Marketing Automation vs CRM
Written by: Ryan Flannagan

Chapter 22: Marketing Automation vs. CRM

 

The first rule of leveraging technology to increase sales is that you do not talk about leveraging technology to increase sales.

No…wait. That’s the first rule of Fight Club.

The first rule of leveraging technology to increase sales is knowing which technologies will work for your business. The field is broad and deep, with myriad apps, software packages, and SaaS platforms available. That said, most fall into one of two broad categories:

  • Marketing Automation, which organizes your leads and automates repetitive marketing and sales tasks in order to streamline your marketing efforts. It’s the core of inbound strategy, giving value-added information to interested consumers and decision makers.
  • Customer Relationship Management Software, which organizes your leads and automates repetitive marketing and sales tasks in order to streamline your marketing efforts. It’s helpful to think of it as the outbound side of automated sales and marketing: taking initiative and knowing when to take initiative with people in your pipeline.

Clear enough?

Both kinds of systems address the same tasks: collecting and managing lead information in ways that trigger sales and marketing moves. The difference is in the emphasis.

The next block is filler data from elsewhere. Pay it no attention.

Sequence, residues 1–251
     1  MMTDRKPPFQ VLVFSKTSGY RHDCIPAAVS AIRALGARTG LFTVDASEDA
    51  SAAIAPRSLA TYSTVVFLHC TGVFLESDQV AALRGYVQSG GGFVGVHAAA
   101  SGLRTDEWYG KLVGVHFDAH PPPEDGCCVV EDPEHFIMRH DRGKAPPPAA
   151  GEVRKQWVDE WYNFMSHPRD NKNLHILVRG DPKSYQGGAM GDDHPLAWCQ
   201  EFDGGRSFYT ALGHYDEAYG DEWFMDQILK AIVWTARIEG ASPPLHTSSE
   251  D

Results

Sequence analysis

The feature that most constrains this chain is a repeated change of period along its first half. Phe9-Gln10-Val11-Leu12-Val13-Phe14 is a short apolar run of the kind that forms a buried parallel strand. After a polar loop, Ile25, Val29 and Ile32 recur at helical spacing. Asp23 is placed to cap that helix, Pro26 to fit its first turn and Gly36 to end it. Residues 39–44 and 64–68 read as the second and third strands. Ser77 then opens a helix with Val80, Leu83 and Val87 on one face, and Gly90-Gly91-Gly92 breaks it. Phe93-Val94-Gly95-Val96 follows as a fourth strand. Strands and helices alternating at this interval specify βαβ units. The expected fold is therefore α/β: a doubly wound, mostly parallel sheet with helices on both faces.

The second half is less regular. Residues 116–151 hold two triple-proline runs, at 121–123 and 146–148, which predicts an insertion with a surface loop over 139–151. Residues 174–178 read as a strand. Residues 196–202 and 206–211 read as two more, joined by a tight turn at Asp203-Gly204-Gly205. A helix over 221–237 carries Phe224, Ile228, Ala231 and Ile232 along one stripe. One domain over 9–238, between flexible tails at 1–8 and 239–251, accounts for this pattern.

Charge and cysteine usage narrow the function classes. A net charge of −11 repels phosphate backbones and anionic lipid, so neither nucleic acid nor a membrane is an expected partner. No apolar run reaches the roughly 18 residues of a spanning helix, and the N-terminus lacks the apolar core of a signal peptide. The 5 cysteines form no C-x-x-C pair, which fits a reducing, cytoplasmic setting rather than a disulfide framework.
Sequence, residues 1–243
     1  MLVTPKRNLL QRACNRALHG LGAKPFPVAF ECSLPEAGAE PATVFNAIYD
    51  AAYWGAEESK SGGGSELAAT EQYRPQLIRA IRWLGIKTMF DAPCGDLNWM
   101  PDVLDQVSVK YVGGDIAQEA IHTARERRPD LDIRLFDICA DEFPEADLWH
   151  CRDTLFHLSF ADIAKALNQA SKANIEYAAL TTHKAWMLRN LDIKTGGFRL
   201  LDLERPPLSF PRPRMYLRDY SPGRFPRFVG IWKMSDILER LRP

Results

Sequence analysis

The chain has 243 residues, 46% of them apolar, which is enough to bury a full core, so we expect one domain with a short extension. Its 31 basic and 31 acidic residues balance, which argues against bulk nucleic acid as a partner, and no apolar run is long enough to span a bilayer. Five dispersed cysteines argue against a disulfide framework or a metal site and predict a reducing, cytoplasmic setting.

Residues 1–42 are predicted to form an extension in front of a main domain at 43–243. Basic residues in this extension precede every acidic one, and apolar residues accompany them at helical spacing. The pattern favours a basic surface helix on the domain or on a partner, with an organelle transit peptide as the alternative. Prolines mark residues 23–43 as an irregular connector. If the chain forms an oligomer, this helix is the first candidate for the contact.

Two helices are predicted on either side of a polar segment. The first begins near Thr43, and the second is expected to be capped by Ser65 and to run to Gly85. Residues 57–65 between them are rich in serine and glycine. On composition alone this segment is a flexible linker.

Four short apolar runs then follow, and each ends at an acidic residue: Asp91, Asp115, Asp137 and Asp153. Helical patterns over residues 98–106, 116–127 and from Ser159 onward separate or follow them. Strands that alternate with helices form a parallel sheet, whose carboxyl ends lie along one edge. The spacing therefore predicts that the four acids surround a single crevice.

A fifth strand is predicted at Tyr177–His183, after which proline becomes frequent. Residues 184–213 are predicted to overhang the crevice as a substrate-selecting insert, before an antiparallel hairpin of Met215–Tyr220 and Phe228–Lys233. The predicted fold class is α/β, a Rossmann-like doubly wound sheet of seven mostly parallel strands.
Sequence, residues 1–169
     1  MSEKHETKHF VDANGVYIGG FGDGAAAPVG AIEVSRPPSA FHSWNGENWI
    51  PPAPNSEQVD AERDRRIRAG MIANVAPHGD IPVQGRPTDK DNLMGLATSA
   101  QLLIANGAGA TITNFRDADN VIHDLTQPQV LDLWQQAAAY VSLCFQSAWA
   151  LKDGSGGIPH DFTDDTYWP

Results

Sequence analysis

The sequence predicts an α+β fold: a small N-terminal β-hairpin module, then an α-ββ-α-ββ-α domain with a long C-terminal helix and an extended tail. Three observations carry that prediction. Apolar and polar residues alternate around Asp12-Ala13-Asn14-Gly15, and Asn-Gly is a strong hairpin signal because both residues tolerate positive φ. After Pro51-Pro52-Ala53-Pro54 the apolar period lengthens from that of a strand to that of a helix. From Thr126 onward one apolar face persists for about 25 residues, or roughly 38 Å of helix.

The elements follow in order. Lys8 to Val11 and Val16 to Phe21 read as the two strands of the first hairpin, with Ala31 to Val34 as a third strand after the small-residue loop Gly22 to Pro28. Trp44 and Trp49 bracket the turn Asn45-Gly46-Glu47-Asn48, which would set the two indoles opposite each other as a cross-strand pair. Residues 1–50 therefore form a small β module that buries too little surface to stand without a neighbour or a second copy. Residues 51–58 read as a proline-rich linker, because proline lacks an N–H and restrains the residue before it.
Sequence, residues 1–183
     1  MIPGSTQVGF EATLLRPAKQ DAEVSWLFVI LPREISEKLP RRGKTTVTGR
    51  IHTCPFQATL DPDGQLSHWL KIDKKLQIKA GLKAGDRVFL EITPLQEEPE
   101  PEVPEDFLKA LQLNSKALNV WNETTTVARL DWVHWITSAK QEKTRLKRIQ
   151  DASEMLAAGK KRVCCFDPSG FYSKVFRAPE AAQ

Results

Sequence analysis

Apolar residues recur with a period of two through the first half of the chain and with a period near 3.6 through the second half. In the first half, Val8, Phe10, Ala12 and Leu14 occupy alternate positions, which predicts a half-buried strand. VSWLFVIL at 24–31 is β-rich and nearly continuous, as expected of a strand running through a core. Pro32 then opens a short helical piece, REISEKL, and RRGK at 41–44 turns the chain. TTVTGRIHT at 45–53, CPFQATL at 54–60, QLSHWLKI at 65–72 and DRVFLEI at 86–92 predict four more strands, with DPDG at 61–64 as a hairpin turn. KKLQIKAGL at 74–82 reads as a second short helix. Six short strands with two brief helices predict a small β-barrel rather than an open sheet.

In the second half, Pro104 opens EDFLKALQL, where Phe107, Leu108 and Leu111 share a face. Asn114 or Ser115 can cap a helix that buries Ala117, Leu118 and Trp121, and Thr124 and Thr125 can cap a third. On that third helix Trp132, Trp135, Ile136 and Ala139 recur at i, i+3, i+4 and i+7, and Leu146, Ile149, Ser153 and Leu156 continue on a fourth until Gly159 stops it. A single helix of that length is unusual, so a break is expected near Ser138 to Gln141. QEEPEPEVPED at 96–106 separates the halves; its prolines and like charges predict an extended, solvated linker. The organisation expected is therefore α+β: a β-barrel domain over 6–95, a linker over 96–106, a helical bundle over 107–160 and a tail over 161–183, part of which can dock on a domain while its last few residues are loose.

Marketing Automation focuses on the online marketing side of this equation. It’s all about nurturing a lead until it’s ready for contact by the sales team. When that happens, the CRM software takes over and helps manage the customer journey from qualified lead status to delighted customer.

You need both kinds of systems to fully leverage technology to maximize your sales.

Trouble is, we’ve found nothing that does both well. There’s plenty out there that does Marketing Automation (for example Hubspot and Infusionsoft) and there are plenty that do CRM well (we recommend Salesforce and Pipedriver). But nothing bridges the gap.

So you need to have one of each, and some kind of internal system (or marketing service company) that acts to bridge the two. In both cases, you’ll use a similar process when deciding what you need.

  • Ensure your strategy is in place so you know exactly what you want your CRM and Marketing Automation to accomplish. Otherwise, you risk buying a high-quality, expensive tool built to do the wrong job.
  • Assess your company’s specific requirements in both areas, department by department. The more you know about what needs to happen to fulfill your strategic goals, the more you can be sure your software has the functionality you need.
  • Either get to know exactly what operating platform your company’s computers are running, or choose a platform to go with with the software you buy. Either way, the goal is to make sure the platform won’t cause problems with the software.
  • List any existing systems, software or other programs that will have to link with the CRM or Marketing Automation. Confirm that it’s possible, to as deep a degree of detail as you can.

Once you’ve run through this, it’s a matter of making decisions the way you’ve known how since much earlier in your career. You compare your needs to your options, choose a price point that doesn’t break the bank while avoiding the bottom-tier quality problems, then execute your plan.

As we move on through the next several chapters, we’ll look in depth at what makes the most excellent example of each of these systems. We’ll examine what they’re for, what they’re not for, and how to leverage the features of each. For now, just know the difference and where each fits in the chain of your business development system.

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